An Overview Of The Inbound Marketing Methodology (Plus Template)
Updated on March 8th, 2020
Inbound marketing methodology overview
The web marketing industry has seen some significant changes in the last decade, especially with inbound marketing. Here’s an overview of how to use our Inbound marketing methodology template.
We live in a world where any information that we need on a service or product can be found with a few keystrokes. The companies that we purchase from are accessible to us like never before. And we expect them to be, as consumers.
If you’re marketing your own business, it’s important to remember how your customers want to interact with you. Consider how they might share information about you, and where they’ll go looking for that information.
Times have changed
Just a few decades ago, the consumer environment was different – advertisements were the main form of marketing, with companies delivering the information they wanted their customers to have.
But with this shift, and because of the internet, the traditional way of marketing TO the customer is just not as effective anymore.
“People do business with people”, wrote Mike Lieberman of Square 2 Marketing, “so marketing has to be people-centric”.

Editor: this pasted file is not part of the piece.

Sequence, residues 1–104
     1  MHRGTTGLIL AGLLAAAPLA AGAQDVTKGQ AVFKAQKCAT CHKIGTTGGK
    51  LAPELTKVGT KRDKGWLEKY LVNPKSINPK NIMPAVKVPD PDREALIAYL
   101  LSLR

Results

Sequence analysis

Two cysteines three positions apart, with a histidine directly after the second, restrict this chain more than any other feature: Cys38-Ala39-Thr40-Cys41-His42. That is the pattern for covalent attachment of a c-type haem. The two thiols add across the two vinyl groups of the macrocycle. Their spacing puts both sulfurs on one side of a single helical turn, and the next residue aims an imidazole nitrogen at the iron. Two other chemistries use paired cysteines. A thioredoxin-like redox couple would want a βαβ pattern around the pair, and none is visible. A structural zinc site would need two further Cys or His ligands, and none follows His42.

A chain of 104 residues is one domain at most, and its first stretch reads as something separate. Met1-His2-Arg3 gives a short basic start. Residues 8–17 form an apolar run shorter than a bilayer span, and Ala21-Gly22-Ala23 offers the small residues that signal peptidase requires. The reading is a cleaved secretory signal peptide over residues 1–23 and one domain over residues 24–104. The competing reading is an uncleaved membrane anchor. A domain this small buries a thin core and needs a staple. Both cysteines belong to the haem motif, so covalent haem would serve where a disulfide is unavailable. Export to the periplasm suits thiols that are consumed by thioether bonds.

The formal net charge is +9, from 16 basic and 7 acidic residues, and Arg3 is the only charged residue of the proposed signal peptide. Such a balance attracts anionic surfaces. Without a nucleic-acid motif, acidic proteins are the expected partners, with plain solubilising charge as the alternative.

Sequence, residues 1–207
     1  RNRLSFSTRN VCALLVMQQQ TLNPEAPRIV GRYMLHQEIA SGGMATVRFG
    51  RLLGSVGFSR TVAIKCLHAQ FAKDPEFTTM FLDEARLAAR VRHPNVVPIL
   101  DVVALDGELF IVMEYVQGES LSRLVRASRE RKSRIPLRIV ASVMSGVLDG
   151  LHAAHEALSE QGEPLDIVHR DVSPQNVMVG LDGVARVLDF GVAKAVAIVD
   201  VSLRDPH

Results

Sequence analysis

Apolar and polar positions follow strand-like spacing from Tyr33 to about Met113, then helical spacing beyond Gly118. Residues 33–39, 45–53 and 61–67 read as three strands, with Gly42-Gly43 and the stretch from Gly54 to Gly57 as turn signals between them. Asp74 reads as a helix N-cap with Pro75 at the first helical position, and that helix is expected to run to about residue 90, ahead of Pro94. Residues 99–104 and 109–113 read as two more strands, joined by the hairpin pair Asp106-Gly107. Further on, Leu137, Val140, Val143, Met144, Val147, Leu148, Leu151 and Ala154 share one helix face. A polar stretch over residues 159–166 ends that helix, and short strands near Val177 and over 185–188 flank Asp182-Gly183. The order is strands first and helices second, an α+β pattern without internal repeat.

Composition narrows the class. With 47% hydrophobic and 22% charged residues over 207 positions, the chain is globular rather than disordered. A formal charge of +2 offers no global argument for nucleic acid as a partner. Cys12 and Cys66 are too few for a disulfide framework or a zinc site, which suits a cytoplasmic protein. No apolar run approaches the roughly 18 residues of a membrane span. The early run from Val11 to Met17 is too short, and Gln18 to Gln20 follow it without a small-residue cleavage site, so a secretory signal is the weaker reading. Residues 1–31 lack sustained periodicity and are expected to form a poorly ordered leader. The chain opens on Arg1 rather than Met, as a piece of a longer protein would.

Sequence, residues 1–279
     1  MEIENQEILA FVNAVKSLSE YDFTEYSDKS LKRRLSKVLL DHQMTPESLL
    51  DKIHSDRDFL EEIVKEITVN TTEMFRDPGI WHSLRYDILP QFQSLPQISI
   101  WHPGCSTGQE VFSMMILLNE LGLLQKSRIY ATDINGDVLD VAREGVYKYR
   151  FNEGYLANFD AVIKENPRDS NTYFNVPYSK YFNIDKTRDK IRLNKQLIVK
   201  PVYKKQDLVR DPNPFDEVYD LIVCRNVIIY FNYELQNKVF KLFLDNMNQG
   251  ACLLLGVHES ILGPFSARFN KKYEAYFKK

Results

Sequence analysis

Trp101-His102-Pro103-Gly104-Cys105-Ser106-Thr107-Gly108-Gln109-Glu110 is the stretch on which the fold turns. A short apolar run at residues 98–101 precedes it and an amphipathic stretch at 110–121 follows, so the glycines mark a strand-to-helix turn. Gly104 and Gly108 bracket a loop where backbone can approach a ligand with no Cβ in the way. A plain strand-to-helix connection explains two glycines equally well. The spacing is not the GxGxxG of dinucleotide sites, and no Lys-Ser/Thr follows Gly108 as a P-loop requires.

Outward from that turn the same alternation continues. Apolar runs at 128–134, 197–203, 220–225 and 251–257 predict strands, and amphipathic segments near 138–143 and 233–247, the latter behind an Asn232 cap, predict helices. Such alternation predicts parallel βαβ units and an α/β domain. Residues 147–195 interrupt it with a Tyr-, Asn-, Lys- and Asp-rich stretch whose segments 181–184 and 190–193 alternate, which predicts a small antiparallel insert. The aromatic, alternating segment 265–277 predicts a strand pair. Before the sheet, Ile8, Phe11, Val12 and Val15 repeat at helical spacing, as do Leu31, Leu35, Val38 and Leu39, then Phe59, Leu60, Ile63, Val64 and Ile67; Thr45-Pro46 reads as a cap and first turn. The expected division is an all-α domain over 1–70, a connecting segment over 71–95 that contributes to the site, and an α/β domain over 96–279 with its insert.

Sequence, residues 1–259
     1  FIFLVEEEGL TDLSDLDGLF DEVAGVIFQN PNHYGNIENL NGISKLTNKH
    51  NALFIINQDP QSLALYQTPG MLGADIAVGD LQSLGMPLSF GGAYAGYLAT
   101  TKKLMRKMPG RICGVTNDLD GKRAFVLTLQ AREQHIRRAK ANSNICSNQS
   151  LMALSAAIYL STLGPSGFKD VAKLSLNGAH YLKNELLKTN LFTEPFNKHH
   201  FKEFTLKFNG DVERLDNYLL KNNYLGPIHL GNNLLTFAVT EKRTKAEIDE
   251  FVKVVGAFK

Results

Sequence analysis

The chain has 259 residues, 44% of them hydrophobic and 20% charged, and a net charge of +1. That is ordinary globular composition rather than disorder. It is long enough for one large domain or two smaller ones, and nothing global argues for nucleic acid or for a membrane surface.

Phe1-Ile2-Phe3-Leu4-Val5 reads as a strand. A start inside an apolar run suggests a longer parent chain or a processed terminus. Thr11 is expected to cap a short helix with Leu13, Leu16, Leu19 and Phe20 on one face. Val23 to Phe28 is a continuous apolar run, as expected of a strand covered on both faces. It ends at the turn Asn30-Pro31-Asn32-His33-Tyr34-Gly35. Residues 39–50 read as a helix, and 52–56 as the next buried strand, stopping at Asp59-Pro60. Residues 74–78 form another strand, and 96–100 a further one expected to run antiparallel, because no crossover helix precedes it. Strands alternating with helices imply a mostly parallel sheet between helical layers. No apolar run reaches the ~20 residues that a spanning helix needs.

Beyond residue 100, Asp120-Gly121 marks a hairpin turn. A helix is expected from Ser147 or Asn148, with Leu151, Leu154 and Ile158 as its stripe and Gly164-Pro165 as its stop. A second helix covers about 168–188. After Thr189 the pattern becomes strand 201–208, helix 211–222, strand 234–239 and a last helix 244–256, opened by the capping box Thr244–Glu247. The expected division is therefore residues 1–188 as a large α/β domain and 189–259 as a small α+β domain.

Inbound Marketing Methodology overview
The “Inbound Marketing Methodology“ is a modern day marketing strategy that helps you attract strangers, convert visitors, close leads & delight customers; instead of interrupting them with advertising. It was first created by HubSpot, and has been the foundation for how we have built our business here at Bluewire Media. That’s why we provide a template depicting how you can use the same methods in our popular 33 Web Marketing Templates – if you don’t have a copy you can download one below.
The rest of this article will break down each section of the template so you can start using this inbound marketing overview for your business.
Why Inbound Marketing?
Inbound marketing draws people in and engages them to the point that they want to interact with or purchase from you.
What this means is that we need to start paying attention (as marketers and businesses) to the way in which consumers are getting their information. More listening, less talking. And more getting to know where the consumer is at in their buying journey.
Are they in the beginning stages of researching the product or service, or are they ready to buy TODAY?
Take a quick look at the graphic – I’ll dive into each of the four actions (Attract, Convert, Close, Delight) that companies should take throughout their inbound marketing strategy. The actions are noted along the top of the graphic, and along the bottom are the tools that are needed to execute on those actions.
We all want traffic to our website. What’s the point in building a site, after all, if no one is visiting?